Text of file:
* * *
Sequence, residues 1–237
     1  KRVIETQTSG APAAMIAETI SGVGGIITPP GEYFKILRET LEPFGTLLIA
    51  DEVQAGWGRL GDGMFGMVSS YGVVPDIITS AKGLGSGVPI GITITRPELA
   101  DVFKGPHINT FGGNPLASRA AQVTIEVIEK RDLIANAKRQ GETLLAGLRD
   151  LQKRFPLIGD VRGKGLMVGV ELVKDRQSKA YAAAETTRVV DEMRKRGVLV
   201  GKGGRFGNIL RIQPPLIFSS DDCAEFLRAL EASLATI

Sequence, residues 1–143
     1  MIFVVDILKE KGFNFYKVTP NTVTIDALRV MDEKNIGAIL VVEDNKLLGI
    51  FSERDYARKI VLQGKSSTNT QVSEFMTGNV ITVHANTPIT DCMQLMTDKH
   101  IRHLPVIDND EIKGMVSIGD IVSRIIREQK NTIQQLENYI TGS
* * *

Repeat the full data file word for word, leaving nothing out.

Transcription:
Sequence, residues 1–237
     1  KRVIETQTSG APAAMIAETI SGVGGIITPP GEYFKILRET LEPFGTLLIA
    51  DEVQAGWGRL GDGMFGMVSS YGVVPDIITS AKGLGSGVPI GITITRPELA
   101  DVFKGPHINT FGGNPLASRA AQVTIEVIEK RDLIANAKRQ GETLLAGLRD
   151  LQKRFPLIGD VRGKGLMVGV ELVKDRQSKA YAAAETTRVV DEMRKRGVLV
   201  GKGGRFGNIL RIQPPLIFSS DDCAEFLRAL EASLATI

Sequence, residues 1–143
     1  MIFVVDILKE KGFNFYKVTP NTVTIDALRV MDEKNIGAIL VVEDNKLLGI
    51  FSERDYARKI VLQGKSSTNT QVSEFMTGNV ITVHANTPIT DCMQLMTDKH
   101  IRHLPVIDND EIKGMVSIGD IVSRIIREQK NTIQQLENYI TGS